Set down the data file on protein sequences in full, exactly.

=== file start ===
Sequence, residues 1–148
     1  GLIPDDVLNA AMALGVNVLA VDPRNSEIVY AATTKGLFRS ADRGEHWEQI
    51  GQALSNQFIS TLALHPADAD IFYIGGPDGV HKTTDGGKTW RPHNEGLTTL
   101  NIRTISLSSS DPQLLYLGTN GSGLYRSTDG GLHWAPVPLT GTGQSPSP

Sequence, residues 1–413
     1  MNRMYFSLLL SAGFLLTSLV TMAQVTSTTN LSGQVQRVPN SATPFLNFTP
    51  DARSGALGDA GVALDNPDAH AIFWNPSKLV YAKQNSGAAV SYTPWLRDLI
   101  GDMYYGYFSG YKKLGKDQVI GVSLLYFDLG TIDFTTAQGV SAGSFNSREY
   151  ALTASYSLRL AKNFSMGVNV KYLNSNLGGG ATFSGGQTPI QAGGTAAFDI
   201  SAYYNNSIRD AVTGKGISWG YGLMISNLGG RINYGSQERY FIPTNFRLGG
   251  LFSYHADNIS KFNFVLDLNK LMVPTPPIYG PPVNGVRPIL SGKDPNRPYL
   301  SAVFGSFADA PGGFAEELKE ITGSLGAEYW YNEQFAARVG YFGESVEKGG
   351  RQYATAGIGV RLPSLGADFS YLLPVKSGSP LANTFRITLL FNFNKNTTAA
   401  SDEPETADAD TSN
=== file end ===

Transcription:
Sequence, residues 1–148
     1  GLIPDDVLNA AMALGVNVLA VDPRNSEIVY AATTKGLFRS ADRGEHWEQI
    51  GQALSNQFIS TLALHPADAD IFYIGGPDGV HKTTDGGKTW RPHNEGLTTL
   101  NIRTISLSSS DPQLLYLGTN GSGLYRSTDG GLHWAPVPLT GTGQSPSP

Sequence, residues 1–413
     1  MNRMYFSLLL SAGFLLTSLV TMAQVTSTTN LSGQVQRVPN SATPFLNFTP
    51  DARSGALGDA GVALDNPDAH AIFWNPSKLV YAKQNSGAAV SYTPWLRDLI
   101  GDMYYGYFSG YKKLGKDQVI GVSLLYFDLG TIDFTTAQGV SAGSFNSREY
   151  ALTASYSLRL AKNFSMGVNV KYLNSNLGGG ATFSGGQTPI QAGGTAAFDI
   201  SAYYNNSIRD AVTGKGISWG YGLMISNLGG RINYGSQERY FIPTNFRLGG
   251  LFSYHADNIS KFNFVLDLNK LMVPTPPIYG PPVNGVRPIL SGKDPNRPYL
   301  SAVFGSFADA PGGFAEELKE ITGSLGAEYW YNEQFAARVG YFGESVEKGG
   351  RQYATAGIGV RLPSLGADFS YLLPVKSGSP LANTFRITLL FNFNKNTTAA
   401  SDEPETADAD TSN